Interstellar is ambitious, perhaps overly so, and it's engaging and intriguing, perhaps at the expense of being truly entertaining. For now, the best I can say is that, yeah, it's pretty cool and particularly impressive on the big screen but not quite the five-star classic that Inception or 2001: A Space Odyssey is.

Saturday, 1 November 2014

The Best Of Me

(M) ★½

Director: Michael Hoffman.

Cast: James Marsden, Michelle Monaghan, Luke Bracey, Liana Liberato, Gerald McRaney, Sebastian Arcelus, Sean Bridgers.

50 Shades of Grey - bringing people together since 2011.

The quality of a movie based on a Nicholas Sparks book is becoming as predictable as the posters promoting them.

Just as you can bet that the poster will probably feature two people inches from kissing as one of them caresses the other's face, it's equally likely the movie will be a pile of mushy romantic tripe peppered with terrible dialogue, hackneyed plots, and maybe even a weird twist in the tail.

These films have their fans - particularly the overrated love story of The Notebook - and do well at the box office, so maybe all critics are wrong when we continually give them terrible reviews.

But having sat through The Best Of Me, I would be amazed to hear even the most ardent Sparks fan defend it as anything more than rubbish.

The premise follows Dawson and Amanda, whose love burns brightly for a few heady months in 1992 until something happens - and this is the film's big slow-burn mystery - that tears them apart.

Twenty-one years later, Dawson and Amanda are reunited by the death of mutual friend Tuck (McRaney), rekindling old feelings, past mistakes, and the prospect of adultery given that Amanda is apparently unhappy marriaged.

As a youngster, Dawson is played by former Home & Away hunk Luke Bracey, who appears way too old to be a high school student and looks nothing like his supposed older version, played by James Marsden, which is jarring, but not a deal-breaker.

What's worse is Bracey's unconvincing chemistry with the bubbly Liana Liberato, which never really sells the idea that this is some kind of undying love that will endure despite two decades apart - more like it's the kind of high school fling that was bound to fizzle out as they got older and went to different colleges.

Furthermore, the plot involving a middle-aged man never getting over his first crush is presented as super-romantic but comes off in places as being super creepy. From the point of view of the grown-up Amanda (Monaghan), it's kind of sad and slightly wrong that despite having been married for a long time she still carries a torch for Dawson.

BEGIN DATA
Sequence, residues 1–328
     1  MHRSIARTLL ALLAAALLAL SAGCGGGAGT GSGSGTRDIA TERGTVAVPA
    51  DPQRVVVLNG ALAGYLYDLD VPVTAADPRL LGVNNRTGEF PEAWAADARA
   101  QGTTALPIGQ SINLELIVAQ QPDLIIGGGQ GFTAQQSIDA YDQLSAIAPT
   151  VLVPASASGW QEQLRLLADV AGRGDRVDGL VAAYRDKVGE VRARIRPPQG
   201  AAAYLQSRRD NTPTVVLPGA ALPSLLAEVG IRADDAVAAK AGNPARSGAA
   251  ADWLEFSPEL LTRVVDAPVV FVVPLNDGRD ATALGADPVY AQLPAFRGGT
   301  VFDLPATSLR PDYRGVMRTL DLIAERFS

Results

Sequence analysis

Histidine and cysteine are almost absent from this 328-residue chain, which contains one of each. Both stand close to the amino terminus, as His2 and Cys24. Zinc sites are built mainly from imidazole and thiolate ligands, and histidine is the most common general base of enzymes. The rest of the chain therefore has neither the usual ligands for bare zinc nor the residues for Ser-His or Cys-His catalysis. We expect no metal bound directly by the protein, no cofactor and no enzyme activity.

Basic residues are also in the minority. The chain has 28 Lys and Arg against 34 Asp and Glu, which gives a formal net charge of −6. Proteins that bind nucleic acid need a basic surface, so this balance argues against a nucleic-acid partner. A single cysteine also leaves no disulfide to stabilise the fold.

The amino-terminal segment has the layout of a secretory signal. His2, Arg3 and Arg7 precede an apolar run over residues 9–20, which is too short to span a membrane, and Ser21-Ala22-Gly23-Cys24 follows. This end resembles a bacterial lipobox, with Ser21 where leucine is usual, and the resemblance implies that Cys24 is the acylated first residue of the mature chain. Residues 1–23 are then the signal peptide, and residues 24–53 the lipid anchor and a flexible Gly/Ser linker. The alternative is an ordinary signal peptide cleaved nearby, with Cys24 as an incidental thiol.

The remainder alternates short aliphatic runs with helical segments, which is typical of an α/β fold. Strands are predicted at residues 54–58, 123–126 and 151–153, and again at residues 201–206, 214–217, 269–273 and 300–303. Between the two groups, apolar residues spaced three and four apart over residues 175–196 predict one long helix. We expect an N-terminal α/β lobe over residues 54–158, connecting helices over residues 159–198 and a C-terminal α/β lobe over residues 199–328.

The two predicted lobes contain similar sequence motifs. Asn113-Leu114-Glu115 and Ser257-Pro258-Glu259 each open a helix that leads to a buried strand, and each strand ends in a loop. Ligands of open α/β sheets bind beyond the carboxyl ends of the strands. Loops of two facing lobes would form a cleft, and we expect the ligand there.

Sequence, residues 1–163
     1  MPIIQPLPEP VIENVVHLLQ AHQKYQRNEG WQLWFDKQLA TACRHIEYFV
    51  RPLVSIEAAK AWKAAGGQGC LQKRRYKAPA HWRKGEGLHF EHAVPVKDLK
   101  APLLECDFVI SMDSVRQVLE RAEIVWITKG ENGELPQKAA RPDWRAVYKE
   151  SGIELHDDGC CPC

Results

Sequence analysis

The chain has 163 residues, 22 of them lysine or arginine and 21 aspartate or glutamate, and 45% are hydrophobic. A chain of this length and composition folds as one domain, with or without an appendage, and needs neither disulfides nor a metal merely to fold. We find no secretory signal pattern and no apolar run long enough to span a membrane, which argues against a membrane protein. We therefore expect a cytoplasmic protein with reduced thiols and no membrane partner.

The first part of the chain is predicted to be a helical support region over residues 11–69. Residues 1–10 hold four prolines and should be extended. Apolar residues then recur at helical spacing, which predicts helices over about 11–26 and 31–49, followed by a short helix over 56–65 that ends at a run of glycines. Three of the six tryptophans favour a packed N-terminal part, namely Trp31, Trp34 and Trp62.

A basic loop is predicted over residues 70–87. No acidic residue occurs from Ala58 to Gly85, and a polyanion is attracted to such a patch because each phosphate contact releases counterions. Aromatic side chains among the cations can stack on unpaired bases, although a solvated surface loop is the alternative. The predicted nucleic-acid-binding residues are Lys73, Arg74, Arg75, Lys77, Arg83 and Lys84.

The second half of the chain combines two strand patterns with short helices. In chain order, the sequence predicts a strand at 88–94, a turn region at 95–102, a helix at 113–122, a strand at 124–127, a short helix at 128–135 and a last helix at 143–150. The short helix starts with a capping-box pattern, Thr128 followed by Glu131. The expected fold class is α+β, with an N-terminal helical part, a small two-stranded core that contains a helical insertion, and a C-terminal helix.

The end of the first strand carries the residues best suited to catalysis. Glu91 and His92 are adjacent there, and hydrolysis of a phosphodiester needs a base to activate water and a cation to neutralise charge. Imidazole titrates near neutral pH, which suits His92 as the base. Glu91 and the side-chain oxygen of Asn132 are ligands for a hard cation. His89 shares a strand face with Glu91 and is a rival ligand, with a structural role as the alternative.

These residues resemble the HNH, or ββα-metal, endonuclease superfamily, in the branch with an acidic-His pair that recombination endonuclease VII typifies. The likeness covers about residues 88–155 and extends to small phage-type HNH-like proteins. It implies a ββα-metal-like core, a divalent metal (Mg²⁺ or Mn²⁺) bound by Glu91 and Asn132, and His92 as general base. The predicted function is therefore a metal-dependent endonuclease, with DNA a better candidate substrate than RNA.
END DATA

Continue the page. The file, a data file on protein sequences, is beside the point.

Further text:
Being a thirty-something male, I am not the target audience for these Sparks adaptions and I can see how these are (and I'm broadly stereotyping film demographics here) intended as the female equivalent of the superhero genre - they're about fantastical situations, escapism and a kind of wish fulfilment. But if one demographic daydreams about being Iron Man or Spider-man and saving the world, the other demographic apparently (according to The Best Of Me) yearns to commit adultery with hunky men from the wrong side of the tracks who garden with their shirts off, can fix cars, and read books about physics and quantum mechanics. This may be true - I don't know, but it's what the film would have me believe.

There's definitely something fantastical about the whole thing - no one in real life talks like the people in The Best Of Me, and even the best efforts of Marsden and Monaghan (who surely have better things to do) can't make these words fly. Equally out-there is the ending, which admittedly isn't quite as insane as the finale to last year's Sparks adaptation Safe Haven but is still mind-bogglingly redundant and contrived.

There are themes about fate and destiny among it all, ideas about things happening for a reason, but they're as laughable as the villains in the film.

A couple of highlights mildly offset things - the film looks pretty, Tuck is a good character and nicely underplayed by McRaney, and there are a couple of nice moments amid the clich├ęd bits we've come to expect in almost every Sparks adaptation (kissing in the rain, swimming together, sleeping on the floor together).

These positives are not enough to recommend The Best Of Me, which unfortunately brought out the worst of me as a critic.